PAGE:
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How do I propagate roses from clippings?

What does it mean to propagate a plant? Propagation is the natural process of breeding plants from parent stock. There are several ways to propagate a new plant. Here are few of the most common ways to propagate: air layering, simple layering and taking clippings.

Air layering is the process of forcing roots on an existing branch or stem. This works well on camellias, for example. We can do a simple layering technique by placing soil on a low hanging branch or stem such as a muscadine or fig then staking or weighing down with a brick. One of the most common ways to propagate your favorite plant is by taking cuttings and rooting them. All of these methods create a new plant that is genetically identical to the parent plant.

Propagating new plants is a way to fill your garden, share with friends or donate to programs like the Extension Master Gardener Volunteer program in Beaufort County. The EMGV program trains volunteers through classroom instruction and an internship to help folks with consumer horticulture questions. If you like tinkering with plants and like helping people, you should strongly consider being an EMGV. Call the Extension office in Beaufort County or visit our website for more information today.

So, how do I propagate my roses from cuttings? Specific plants work well with specific methods of propagation. In the instance of a rose, taking cuttings is one of the easiest ways to propagate a new plant. There are patent laws that protect certain plants from being propagated so make certain that this is not a protected cultivar. Timing is a very important component of propagating any plant. There are soft cuttings and hardwood cuttings that can be propagated. In the early summer, new growth can be cut as soft cuttings. During the dormant season, hardwood cuttings can be taken for propagation. In the case of roses, cuttings can be taken any time of the year for propagation but, the best success will be with cuttings taken November through February.

Take a cutting from the growing tip that is 6 to 8 inches long. Typically these will have withered flowers or hips beginning to form. Take the cutting, using a sharp knife or pruning shears, at a 45-degree angle. Remove the flower heads or hips down to the first set of leaves. The best time of day to take a cutting is in the early morning before the sun hits the plant. Take care not to let your cuttings dry out before sticking them. Using a rooting hormone will increase your chances of successful propagation. Rooting hormone is available at most garden or hardware stores. Remove the leaves on the lower portion of the cutting but keep the upper leaves. Scar the bottom inch of your cutting by scraping the cambium, then dip it into the rooting hormone.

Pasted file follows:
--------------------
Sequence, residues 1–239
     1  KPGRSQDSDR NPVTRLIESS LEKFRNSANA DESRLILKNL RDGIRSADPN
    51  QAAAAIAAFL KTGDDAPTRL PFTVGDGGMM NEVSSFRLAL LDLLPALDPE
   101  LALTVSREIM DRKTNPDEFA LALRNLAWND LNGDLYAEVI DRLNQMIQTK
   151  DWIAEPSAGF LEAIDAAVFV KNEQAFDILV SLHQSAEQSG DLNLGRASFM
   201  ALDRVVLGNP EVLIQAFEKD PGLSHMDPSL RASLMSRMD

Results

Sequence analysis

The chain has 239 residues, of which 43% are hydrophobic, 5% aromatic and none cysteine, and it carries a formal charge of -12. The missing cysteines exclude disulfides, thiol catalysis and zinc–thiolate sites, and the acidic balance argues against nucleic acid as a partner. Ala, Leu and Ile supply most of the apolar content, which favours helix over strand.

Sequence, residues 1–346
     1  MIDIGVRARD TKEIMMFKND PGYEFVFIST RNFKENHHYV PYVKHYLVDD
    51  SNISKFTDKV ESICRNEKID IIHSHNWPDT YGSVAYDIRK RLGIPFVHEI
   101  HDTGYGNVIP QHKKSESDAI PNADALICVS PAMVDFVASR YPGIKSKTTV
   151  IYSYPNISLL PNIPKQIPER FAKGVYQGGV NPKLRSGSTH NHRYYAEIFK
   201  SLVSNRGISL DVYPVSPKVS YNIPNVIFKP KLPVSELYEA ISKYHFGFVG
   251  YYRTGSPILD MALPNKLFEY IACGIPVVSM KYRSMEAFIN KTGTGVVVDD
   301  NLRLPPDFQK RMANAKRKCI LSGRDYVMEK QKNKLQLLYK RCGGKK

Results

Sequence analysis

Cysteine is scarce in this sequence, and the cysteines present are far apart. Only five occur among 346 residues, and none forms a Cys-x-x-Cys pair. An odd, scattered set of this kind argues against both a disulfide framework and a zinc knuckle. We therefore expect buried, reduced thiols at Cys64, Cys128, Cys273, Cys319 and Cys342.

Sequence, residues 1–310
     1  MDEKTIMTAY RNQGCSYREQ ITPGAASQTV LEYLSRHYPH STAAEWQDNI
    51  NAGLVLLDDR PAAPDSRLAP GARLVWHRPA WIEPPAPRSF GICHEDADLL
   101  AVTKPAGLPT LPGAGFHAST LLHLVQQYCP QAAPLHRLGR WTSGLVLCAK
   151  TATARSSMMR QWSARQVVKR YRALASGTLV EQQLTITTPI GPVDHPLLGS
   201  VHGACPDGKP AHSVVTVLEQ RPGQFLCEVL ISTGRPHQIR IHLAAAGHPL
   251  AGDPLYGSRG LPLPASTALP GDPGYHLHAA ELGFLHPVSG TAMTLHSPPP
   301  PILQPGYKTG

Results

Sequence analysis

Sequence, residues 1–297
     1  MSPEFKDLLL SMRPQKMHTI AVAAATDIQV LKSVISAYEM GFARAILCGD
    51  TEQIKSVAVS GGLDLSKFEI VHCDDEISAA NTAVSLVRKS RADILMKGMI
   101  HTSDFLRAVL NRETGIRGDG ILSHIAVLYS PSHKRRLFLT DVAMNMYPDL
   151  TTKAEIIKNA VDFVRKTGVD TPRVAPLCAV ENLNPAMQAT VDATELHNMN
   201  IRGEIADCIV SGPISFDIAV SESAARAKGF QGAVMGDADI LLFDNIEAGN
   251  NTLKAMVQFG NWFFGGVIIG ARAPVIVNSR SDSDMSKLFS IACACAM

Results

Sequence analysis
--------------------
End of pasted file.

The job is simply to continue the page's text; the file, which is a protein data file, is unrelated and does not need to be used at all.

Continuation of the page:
Now, you are ready to stick your cutting. Use a small pot with good potting soil loosely packed and moist for sticking your cutting. You can also try sticking them outside in a good sunny location, shielded from afternoon sun, with well-drained soil. If using a pot, it is important to cover the entire pot with a bag to retain humidity and moisture while roots are being grown. Make sure pots are located in bright light but not direct sunshine. During the rooting period, make sure cuttings do not dry out — this will spell sudden death. Lightly mist the plants once a day, and make sure to water enough to keep the soil moist. If using pots, grow the cuttings out for the entire season before planting in beds the following fall. Be sure to protect your new plants from wind damage throughout the winter, and enjoy your new roses next spring.

If you are having an issue in your home garden or landscape, send your questions to Gene Fox, please email at Gene at gene_fox@ncsu.edu. Learn more on Facebook at the Blacklands Area Horticulture page or visit the Extension Office, located at 155 Airport Road in Washington.

Commercial landscapers: put Jan. 29 on your calendars for an opportunity to earn CEU’s at the Beaufort County Extension Center. I will have more information on this event available in the upcoming weeks.

Gene Fox is a consumer horticulture agent with the North Carolina Cooperative Extension Service, covering Beaufort, Hyde, Tyrrell and Washington counties.